Cardinal Turkson: It's 'continuing shame' clean water is not a priority

Indian boys collect drinking water in early May from the main water supply line in Bhopa. (CNS photo/Sanjeev Gupta, EPA)

Indian boys collect drinking water in early May from the main water supply line in Bhopa. (CNS photo/Sanjeev Gupta, EPA)

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Allowing people to drink unsafe water or have no access to dependable, clean sources of water is shameful, Cardinal Peter Turkson told religious leaders.

"It is a continuing shame," too, that people's needs "are secondary to industries which take too much and that pollute what remains," said the president of the Pontifical Council for Justice and Peace.

It's also a shame "that governments pursue other priorities and ignore their parched cries," he said in the keynote address to an interfaith meeting Monday in Stockholm, Sweden. The Vatican office sent Catholic News Service the cardinal's written speech the same day.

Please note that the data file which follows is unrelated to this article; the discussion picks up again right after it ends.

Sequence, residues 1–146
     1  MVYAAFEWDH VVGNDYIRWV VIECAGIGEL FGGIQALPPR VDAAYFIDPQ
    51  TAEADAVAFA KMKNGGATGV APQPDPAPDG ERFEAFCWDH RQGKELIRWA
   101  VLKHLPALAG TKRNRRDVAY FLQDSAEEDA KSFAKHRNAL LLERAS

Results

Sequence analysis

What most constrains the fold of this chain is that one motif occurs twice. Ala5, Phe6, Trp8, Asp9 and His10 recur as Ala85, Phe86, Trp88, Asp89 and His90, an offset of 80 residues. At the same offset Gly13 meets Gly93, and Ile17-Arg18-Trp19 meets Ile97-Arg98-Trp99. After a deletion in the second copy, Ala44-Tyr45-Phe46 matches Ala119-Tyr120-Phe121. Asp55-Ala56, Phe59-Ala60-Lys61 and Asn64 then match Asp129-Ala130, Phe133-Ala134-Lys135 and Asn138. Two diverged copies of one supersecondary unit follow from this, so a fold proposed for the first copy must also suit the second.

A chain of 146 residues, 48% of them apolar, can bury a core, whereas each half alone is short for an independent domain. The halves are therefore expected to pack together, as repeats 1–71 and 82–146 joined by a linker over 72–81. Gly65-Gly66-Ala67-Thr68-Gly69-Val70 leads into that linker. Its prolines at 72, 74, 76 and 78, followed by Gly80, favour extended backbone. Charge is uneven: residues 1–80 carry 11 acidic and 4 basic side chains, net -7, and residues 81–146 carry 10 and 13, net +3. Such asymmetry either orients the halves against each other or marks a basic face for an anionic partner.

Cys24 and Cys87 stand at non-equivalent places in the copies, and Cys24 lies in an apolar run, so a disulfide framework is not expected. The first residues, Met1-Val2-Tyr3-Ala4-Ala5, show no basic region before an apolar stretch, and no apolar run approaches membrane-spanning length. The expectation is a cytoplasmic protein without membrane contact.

The meeting on how faith-based organizations could contribute to the United Nation's Sustainable Development Goals dealing with water was part of Stockholm's annual World Water Week gathering, which seeks to find concrete solutions to global water issues. The meeting also came in the run-up to the Sept. 1 World Day of Prayer for the Care of Creation.

With speakers representing the Jewish, Christian, Muslim, Hindu and Buddhist communities, the Aug. 29 meeting looked at how religious communities could promote guaranteed access to sanitation and clean water for everyone. Some 660 million people are without adequate drinking water, and every year millions, mostly children, die from diseases linked to poor water supply and sanitation, according to the United Nations.

Religious faith and practices, Turkson said, offer the needed "motivation to virtue" that inspires people to protect human dignity and rights.

Faith-based organizations can help youth embrace the values of "solidarity, altruism and responsibility" needed to become "honest administrators and politicians," he said.

Religious leaders could also help organize "interreligious campaigns for cleaning rivers or lakes in order to foster mutual respect, peace and friendship among different groups," as well as promote "a wise hierarchy of priorities for the use of water," especially where there are competing demands, he said.

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